The Embodiment of Feminism | MISSBISH Fafi

Date

March 8, 2017
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From the moment I laid eyes on Fafi‘s work, I’ve been mesmerized. Fafi made a name for herself by drawing colorful, unique, and curvaceous female figures that are filled with sass. Her stand-out figurines seen in many murals and exhibitions across the world have earned her respect in her home country, as well as on an international level.  In recent years, the Parisian artist has collaborated with household brands like adidas, Vogue, Sony, and more. It is a dream come true interviewing Fafi, as her drawings of women mimic those who I’ve had the honor of growing up around. Check out the interview below.

Tell us a little bit about how you got your start in the art field.
When I was 18-19 years old, I was a kleptomaniac and loved fashion photography. With my best friend, we used to steal all the fashion magazines in kiosks from Vogue Italia to The Face or Interview.

My love for fashion brought me to jail after we broke into a luxury shop with an axe to get the Ralph Lauren tops in the window display that I couldn’t afford. I was already drawing girls on white paper and creating little comics in class at the time, I found drawing to be so powerful and I had to bow down to this unique gift I had. Those two passions needed to be ventured; when I got acquainted with graffiti and all of its mysteries, I decided to break-the-law with this artsy activity that was to become my new hobby. I did my first illegal painting in my hometown of Toulouse in 1994.

How has the graffiti scene in France influenced your work?
It’s the whole spirit of graffiti that I loved: the crew, the night, the fact that everything was forbidden, and the fact that we had to steal the paint. Everything was appealing to a young and adventurous chick like me.

You’ve mentioned that at first, it was difficult to convince your parents of pursuing an artistic career (totally relate). How did you overcome that challenge?
It was foreign territory for them, that’s why. Only a few of the oldest in the game could make it back in the day. My mum was a nurse and my father worked at the local newspaper. I had to learn everything by myself, it was just a matter of 1 or 2 years where I had to show them I was in charge. Projects arrived in the mail little by little and eventually got bigger and better. Some agents contacted me and I started to work abroad and travel to paint everywhere, living my life around my creations.

What inspired the beautiful, voluptuous Fafinette characters? Was portraying positive body image through your drawings important to you in the beginning?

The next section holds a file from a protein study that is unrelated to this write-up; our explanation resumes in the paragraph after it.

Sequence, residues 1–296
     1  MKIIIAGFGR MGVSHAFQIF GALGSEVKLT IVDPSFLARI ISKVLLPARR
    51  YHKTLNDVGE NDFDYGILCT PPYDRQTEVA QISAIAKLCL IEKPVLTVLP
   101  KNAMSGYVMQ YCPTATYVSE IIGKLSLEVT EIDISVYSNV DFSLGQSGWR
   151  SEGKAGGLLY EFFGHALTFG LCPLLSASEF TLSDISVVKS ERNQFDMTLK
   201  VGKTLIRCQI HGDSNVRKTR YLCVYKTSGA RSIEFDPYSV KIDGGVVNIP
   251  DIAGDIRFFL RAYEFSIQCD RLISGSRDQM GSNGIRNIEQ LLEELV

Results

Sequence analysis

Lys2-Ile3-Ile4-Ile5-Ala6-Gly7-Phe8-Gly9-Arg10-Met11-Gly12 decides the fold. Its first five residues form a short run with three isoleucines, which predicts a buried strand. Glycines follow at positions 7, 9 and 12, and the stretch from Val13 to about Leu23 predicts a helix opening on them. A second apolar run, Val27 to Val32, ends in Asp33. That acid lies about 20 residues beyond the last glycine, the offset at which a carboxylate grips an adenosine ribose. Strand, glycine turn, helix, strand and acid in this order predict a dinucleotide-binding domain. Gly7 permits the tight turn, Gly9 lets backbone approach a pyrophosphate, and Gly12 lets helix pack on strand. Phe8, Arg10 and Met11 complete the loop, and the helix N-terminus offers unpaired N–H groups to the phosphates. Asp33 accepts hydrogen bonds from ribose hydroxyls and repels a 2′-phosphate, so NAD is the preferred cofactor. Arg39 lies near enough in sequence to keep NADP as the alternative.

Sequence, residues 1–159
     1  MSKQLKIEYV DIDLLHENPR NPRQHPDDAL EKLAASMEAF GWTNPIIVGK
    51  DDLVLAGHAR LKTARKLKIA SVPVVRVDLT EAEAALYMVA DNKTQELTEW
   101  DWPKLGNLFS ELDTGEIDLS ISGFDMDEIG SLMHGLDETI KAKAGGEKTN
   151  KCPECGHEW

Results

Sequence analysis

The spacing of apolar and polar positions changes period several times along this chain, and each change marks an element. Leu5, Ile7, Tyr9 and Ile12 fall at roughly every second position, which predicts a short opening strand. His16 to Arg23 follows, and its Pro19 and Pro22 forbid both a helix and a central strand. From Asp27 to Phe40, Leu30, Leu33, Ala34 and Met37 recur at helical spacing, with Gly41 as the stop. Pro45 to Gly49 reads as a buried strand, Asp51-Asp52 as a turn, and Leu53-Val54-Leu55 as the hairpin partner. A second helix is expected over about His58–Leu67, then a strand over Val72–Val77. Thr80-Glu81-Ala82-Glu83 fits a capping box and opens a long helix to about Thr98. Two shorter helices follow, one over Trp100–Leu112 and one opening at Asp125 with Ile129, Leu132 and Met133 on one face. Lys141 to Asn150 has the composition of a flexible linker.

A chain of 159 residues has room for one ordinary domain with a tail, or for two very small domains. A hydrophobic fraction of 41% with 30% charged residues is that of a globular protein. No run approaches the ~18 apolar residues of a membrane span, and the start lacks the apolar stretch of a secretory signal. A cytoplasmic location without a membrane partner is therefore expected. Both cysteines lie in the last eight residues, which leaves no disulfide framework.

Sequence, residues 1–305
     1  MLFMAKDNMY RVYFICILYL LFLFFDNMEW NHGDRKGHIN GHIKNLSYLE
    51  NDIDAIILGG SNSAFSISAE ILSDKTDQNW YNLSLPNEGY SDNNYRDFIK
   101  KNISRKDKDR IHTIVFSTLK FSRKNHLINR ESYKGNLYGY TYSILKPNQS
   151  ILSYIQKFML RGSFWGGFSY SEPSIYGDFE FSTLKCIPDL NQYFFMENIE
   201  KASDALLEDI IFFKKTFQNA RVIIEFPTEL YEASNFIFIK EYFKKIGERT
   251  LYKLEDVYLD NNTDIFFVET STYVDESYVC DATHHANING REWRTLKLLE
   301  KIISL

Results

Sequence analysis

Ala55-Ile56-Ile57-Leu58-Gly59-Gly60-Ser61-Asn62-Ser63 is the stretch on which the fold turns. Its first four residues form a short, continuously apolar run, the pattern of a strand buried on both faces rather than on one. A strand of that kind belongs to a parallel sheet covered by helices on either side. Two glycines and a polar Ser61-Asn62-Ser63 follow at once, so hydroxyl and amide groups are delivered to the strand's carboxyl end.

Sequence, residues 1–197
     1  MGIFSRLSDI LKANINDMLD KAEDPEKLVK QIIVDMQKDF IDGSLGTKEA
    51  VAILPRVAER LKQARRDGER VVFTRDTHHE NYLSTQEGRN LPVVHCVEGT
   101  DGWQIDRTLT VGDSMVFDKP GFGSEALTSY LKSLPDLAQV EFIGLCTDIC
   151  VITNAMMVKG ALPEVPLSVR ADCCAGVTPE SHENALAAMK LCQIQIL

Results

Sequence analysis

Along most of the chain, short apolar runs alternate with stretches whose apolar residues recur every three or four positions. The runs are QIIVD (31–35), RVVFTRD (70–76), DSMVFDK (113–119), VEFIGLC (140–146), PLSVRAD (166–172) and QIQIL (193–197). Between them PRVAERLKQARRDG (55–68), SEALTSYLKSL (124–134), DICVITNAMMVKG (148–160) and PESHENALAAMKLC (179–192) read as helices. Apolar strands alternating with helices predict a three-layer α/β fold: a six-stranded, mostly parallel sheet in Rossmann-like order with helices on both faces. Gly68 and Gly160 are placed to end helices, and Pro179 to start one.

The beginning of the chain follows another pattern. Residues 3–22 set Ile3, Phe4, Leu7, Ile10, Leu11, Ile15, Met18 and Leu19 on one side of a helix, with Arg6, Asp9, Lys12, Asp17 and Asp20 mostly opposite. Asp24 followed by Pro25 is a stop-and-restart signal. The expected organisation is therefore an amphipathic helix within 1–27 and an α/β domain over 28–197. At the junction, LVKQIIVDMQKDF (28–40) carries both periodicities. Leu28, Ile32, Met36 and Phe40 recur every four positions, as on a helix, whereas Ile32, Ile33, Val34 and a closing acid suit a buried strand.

For a few years, my Fafinettes had always lived through my lense or my friends’. I just would draw how I feel in the moment. When I was in love I was making drawings to seduce some particular boys, but I drew aggressive girls when I was cheated on or when I hated the boy I was with.

Now I have a deeper purpose in serving the story of the Carmine Vault and I don’t rely on love anymore to be motivated.

Can you tell us what your creative process is like when drawing?
Before I had my son Neil who is now 11, I was on a night shift. But since I became a mother I adapted myself to a day schedule that suits me pretty well. We go together to highschool in the morning and then I work until he gets out. Usually while at home I am not working, I like to separate work life from home life.

I am renting an office in le Marais, Paris where there are only women and I listen to super loud music while I draw. Music is super important to me, with it I feel like I have super powers even though I am sitting on my ass all day.


“It’s the whole spirit of graffiti that I loved: the crew, the night, the fact that everything was forbidden, and the fact that we had to steal the paint. Everything was appealing to a young and adventurous chick like me.”


You’ve collaborated with major brands like adidas and Vogue. Is there a difference, if any, in staying true to your vision when working with major brands?
I’ve always been asked to do what I was already doing and have the opportunity to be a proper artist. But when you collaborate, there are a lot of people involved in the development process and sometimes the final result – the product – isn’t good, but it happens and you learn to ask about pitfalls or show a company where you think there may be some.

How would you describe yourself in one sentence?
I am that crazy bitch you can rely on.

What is currently on rotation in your music library?
PARTYNEXTDOOR, Jeremih, D.R.A.M, Post Malone, Roisin Murphy, Marcel Khalife, and Brodinski.

What advice do you have for women who are aspiring to break into the graffiti world?
I would encourage them to build their own world.

Name 3 of your favorite hidden gems in Paris.
My restaurant, Miss Bahn Mi, which I created with my chef friend Heidi that’s still going strong, Yves Saint Laurent museum (opening in 2017), and the Marché des enfants Rouges next to my office for buying vegetables and super good sandwiches.

What does MISSBISH mean to you? Who is your MISSBISH?
My MISSBISH is Gabrielle Witkopp, she is a writer whose best seller is The Necrophile. Reading her title should help you understand how defiant her work is.

Photo by: Sunny Ringle